Bright blue skies and comfy temperatures make it a perfect time for a paddle down the North Oconee River.

Water levels at the College Street U.S.G.S. gauge were 6.0', making for a fun ride without the butt-scraping over the shoals. I was able to paddle upstream a bit at the beginning, and I made it to the shoals near the end of Spalding Circle on the south bank.

The great thing about a morning paddle is all the wildlife. Carolina Wrens, Northern Cardinals, and White-eyed Vireos filled the air with song, and Blue Jays and Red-bellied Woodpeckers added their notes. I startled several Great Blue Herons, some Canada Geese, and a couple of Belted Kingfishers. Red-shouldered Hawks, Black Vultures, and Turkey Vultures soared overhead. Fish jumped in the river, and a Yellow-bellied Cooter slid off a rock. A dragonfly buzzed by.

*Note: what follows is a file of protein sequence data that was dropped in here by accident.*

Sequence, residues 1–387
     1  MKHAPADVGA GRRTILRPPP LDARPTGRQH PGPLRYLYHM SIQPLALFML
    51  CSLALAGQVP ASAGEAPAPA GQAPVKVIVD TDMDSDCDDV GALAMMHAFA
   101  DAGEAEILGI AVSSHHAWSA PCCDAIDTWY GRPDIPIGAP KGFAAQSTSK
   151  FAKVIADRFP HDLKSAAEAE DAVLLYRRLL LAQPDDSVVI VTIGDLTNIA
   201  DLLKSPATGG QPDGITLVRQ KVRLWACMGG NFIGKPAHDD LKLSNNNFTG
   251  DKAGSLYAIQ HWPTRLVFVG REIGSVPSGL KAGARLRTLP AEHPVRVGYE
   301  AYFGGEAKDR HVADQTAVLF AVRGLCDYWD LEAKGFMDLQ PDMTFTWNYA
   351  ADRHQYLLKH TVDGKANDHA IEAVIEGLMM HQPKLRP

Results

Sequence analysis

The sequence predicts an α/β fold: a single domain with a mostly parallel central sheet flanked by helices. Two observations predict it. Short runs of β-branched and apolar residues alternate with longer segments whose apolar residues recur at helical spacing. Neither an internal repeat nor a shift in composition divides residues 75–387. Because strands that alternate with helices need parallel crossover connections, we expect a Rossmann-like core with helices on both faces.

Lot of trees, shrubs, and vines flowered along the river, and I frequently circled back for a better look. Mountain Laurel (Kalmia latifolia) was in full bloom, as was Chinese Privet (Ligustrum sinense. Here and there was Crossvine (Bignonia capreolata).

Today brought a new species for me, too: Scentless Mock Orange (Philadelphus inodorus; also called the Appalachian Mock Orange). This 2–3 m tall shrub was growing in several places along the river bank. It is covered with strikingly beautiful white flowers. They are about 3 cm wide, with four petals, numerous (80+) orange-yellow stamens, and a single pale-lemon pistil. The flower has four green sepals that are very finely hairy. I couldn’t detect any scent from the flower. The flowers occur singly. The leaves are opposite, green above, pale green below with white hairs, 7–8 cm long, and elliptical with about 5 teeth per side and prominent veins. The current-year twigs are green and very nearly hairless.

The Virginia Tech Dendrology site indicates that we are very near the edge of the range of the Scentless Mock Orange. It is a member of the Hydrangea Family.